Depends. There are places in the world I would like to see, but I'm more of a geography person in that respect. I.e., I want to see the places, less concerned about the things there. E.g., NZ (and probably Australia as well, while I'm in that neighborhood anyway), Finland, Norway, AK ... those are what come immediately to mind, anyway, and not in any particular order.

  6. #26
    Nuisance Factor Yeti 8 Jungle Swing Champion, YetiSports 4 - Albatross Overload Champion, YetiSports7 - Snowboard FreeRide Champion, Alu`s Revenge Champion boontito's Avatar
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    Quote Originally Posted by Ian Jeffrey View Post
    Depends. There are places in the world I would like to see, but I'm more of a geography person in that respect. I.e., I want to see the places, less concerned about the things there. E.g., NZ (and probably Australia as well, while I'm in that neighborhood anyway), Finland, Norway, AK ... those are what come immediately to mind, anyway, and not in any particular order.
    I get that. There are places I'd still love to see. As I've aged though I've lost more and more patience with the process of getting there. Lately, spending a couple hours getting somewhere seems so much more enticing than spending 2+ days getting somewhere. Especially if the total amount of time off doesn't change between those two scenarios.

  7. #27
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    Quote Originally Posted by Helena View Post
    Those are very good points and I agree, but my own selfish perspective is that of a native and permanent resident of one of the prime tourist spots. I can't (and don't want to) move away for the tourist season, which is most of the year here anyway. I have more thoughts (and feelings ) about this but not enough time to write a coherent post right now.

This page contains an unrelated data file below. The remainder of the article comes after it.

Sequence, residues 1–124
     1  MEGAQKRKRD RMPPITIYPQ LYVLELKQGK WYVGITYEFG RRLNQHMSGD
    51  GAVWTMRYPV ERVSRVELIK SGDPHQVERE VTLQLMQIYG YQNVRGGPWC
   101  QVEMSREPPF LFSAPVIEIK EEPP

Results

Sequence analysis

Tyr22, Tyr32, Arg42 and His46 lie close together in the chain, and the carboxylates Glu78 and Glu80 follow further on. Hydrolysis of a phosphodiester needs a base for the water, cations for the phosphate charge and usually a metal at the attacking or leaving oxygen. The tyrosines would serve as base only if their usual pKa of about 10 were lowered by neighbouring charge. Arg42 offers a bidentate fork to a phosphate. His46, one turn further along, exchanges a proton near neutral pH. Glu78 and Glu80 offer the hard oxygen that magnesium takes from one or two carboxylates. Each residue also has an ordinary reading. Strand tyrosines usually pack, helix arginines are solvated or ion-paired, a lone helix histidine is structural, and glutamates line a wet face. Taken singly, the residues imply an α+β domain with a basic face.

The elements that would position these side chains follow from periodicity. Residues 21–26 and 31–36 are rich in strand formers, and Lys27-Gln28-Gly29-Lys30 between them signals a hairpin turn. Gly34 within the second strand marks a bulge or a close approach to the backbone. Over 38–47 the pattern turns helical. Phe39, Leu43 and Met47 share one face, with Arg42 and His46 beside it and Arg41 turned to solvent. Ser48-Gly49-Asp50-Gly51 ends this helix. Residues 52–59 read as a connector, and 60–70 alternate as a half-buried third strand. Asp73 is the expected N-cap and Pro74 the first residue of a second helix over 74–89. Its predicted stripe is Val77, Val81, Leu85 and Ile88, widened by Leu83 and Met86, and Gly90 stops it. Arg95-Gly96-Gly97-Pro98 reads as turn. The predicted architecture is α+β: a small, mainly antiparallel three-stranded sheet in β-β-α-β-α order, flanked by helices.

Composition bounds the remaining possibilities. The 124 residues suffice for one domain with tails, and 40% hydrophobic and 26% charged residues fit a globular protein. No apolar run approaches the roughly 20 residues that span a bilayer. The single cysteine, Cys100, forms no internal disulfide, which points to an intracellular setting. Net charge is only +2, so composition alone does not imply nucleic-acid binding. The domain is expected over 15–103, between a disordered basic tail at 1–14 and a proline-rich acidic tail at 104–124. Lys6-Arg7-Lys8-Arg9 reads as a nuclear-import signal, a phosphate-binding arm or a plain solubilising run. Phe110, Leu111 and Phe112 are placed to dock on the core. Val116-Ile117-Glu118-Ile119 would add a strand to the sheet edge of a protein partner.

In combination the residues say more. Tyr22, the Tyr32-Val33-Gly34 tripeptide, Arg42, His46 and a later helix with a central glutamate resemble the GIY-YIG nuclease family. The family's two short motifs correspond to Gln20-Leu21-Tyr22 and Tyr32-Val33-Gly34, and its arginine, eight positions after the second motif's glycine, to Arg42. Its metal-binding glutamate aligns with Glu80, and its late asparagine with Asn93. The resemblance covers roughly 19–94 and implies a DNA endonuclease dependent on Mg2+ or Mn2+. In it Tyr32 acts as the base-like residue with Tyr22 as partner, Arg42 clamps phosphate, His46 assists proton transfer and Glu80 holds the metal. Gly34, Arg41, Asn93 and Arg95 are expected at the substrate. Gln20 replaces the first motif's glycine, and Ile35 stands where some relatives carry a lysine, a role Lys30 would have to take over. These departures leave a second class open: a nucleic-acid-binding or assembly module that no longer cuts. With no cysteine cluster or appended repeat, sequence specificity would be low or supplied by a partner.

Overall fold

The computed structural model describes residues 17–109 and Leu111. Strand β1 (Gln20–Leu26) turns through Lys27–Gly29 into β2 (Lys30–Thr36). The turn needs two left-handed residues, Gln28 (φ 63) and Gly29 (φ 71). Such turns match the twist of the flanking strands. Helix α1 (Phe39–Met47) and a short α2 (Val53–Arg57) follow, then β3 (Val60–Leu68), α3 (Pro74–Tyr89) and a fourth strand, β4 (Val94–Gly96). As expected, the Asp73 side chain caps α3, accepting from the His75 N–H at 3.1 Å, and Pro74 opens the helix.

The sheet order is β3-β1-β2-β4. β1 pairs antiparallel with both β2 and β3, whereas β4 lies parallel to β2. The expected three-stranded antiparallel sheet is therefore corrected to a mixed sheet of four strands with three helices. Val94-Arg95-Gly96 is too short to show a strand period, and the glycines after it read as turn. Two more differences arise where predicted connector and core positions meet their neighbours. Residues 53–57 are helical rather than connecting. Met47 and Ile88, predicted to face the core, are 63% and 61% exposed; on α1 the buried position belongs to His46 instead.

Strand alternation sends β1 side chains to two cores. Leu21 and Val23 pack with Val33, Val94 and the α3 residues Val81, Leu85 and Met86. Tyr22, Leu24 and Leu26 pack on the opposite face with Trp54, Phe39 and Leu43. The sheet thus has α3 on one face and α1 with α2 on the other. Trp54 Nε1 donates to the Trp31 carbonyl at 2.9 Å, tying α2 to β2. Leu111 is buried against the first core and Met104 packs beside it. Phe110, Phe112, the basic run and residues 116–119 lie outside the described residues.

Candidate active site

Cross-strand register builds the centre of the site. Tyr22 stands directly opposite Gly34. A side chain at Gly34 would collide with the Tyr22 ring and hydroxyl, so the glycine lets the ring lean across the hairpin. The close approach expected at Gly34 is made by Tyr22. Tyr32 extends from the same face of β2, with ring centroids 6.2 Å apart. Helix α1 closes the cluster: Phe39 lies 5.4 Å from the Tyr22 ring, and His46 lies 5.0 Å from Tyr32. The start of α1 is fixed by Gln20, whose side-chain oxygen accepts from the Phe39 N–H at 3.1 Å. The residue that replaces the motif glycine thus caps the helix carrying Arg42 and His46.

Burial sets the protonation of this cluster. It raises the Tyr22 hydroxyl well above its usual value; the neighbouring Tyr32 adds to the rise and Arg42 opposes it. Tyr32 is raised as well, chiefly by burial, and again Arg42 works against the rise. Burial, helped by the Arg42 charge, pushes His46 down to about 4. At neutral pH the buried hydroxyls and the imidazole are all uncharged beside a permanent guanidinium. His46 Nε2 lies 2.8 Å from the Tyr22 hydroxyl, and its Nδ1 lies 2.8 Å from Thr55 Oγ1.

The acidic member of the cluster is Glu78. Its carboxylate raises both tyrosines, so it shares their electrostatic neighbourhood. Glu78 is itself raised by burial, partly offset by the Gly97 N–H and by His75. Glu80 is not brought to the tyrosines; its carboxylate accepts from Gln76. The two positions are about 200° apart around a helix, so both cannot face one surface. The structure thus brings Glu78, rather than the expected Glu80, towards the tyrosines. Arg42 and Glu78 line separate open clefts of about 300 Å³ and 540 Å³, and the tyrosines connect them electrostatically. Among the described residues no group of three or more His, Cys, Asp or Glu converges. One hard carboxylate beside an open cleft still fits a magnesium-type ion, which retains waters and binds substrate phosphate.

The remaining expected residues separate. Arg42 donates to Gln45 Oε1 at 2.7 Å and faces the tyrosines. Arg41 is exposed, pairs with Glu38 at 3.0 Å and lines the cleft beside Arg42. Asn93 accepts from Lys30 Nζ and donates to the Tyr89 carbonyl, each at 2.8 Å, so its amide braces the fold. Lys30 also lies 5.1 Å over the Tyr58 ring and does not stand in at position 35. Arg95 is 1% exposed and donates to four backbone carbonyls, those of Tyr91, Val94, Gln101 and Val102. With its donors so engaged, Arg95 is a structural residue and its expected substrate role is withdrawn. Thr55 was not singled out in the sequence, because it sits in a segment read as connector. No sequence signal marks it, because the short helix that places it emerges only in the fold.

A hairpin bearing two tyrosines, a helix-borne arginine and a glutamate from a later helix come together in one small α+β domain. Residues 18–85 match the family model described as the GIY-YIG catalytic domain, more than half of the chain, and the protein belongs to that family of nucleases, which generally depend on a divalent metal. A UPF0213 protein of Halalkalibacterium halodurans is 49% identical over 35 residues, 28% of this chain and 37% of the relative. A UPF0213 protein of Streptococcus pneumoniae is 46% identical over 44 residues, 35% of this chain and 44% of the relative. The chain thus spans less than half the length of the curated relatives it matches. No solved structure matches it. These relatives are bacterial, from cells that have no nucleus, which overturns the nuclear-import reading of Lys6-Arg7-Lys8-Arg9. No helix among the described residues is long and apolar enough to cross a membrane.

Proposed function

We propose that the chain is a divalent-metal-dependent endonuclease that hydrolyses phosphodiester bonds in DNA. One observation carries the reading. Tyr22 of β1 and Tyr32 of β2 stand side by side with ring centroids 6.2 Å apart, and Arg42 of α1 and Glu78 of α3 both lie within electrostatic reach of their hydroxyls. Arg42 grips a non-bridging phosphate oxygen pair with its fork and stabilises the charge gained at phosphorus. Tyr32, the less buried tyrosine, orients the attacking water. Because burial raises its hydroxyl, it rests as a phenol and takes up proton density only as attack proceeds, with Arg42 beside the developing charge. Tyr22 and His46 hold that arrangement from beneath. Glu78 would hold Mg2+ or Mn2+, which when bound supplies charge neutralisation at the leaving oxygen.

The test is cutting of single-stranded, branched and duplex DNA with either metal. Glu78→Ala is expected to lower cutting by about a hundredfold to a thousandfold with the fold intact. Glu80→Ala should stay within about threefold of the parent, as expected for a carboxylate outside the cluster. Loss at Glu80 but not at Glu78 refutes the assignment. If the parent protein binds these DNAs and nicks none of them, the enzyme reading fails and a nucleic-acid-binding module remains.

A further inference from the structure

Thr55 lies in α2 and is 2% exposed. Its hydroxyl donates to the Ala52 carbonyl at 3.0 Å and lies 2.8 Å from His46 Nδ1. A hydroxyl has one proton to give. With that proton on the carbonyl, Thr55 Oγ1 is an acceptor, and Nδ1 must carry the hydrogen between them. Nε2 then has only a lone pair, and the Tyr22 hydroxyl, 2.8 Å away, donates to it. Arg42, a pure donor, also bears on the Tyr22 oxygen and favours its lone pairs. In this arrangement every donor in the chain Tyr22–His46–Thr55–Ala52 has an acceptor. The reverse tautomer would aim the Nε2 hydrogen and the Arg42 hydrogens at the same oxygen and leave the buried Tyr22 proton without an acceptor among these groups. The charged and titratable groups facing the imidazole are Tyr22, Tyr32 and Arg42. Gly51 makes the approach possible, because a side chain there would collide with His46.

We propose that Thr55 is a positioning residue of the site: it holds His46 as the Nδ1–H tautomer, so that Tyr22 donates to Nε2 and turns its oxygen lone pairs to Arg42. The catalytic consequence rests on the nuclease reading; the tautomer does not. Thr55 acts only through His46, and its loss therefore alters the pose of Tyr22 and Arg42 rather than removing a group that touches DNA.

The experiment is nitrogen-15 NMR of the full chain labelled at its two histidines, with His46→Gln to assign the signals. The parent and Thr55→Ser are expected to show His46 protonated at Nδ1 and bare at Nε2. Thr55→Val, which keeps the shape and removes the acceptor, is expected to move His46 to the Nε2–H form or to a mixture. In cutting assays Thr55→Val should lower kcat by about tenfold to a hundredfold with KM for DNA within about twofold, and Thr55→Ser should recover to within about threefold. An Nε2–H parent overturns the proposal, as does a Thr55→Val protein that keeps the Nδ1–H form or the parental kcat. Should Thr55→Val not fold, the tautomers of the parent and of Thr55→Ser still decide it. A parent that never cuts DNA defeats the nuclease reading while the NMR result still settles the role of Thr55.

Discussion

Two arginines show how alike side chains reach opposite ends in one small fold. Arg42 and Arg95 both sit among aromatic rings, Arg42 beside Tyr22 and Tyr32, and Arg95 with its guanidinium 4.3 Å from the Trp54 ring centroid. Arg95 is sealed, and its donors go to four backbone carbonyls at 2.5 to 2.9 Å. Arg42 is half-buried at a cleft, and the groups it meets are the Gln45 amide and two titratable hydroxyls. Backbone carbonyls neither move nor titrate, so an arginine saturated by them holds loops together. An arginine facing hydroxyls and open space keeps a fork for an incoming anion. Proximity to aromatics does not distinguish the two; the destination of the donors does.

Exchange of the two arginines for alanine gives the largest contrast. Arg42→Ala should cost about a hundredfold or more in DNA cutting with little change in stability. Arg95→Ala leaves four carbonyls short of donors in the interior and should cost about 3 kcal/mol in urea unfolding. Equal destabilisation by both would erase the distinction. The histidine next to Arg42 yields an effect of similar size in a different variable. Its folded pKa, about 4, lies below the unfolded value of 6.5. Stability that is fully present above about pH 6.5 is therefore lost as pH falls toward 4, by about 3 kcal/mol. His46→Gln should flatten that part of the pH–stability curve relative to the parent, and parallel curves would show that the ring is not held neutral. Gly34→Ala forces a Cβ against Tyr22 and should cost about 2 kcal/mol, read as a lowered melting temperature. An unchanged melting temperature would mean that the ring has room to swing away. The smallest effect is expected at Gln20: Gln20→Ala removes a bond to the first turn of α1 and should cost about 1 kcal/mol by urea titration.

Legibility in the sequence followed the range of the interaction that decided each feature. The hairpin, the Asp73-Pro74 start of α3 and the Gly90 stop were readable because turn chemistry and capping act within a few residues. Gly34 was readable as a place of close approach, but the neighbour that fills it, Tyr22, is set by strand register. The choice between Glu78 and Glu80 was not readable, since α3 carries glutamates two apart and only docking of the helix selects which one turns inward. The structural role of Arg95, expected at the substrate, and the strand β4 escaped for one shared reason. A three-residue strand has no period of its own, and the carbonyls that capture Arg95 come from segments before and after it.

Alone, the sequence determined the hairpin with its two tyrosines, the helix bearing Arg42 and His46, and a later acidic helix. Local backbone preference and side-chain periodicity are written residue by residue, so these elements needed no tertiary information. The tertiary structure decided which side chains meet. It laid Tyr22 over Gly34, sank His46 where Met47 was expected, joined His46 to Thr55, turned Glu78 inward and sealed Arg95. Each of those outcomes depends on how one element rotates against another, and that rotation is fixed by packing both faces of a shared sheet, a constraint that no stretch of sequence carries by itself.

I spent my high school years in Maine, which is known as "Vacationland." Complaining about the tourists was practically the state pastime. Since the infrastructure was built out to accommodate about 1.5 million people, three seasons per year it was more than adequate to deal with 1 million natives, so people got used to having no traffic, ample parking everywhere, etc. Then one season per year you have 3 million people and you feel like you can barely move, as you wait an hour in traffic to creep 10 miles past some bottleneck like a bridge. But, as much as Mainers moaned about the tourists, they moaned even harder when high gas prices, bad weather, or some other change resulted in a low-tourism summer. That would plunge tens of thousands of Mainers into poverty, while demolishing the state government's budget for the year.

    It's probably different somewhere like, say, Manhattan or Munich, where there's a huge tourist trade side-by-side with a non-tourist economy that would provide a great income regardless. But in most places where there's a lot of tourism, those tourists are needed to support anything like the level of local population that lives there.

  8. #28
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    Ms. Helena,

    I am also surprised that 1. Italy is not on that list, and 2. Hungary is. Unless George Ezra is a huge influence.

  9. #29
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    Quote Originally Posted by boontito View Post
    Re: the bold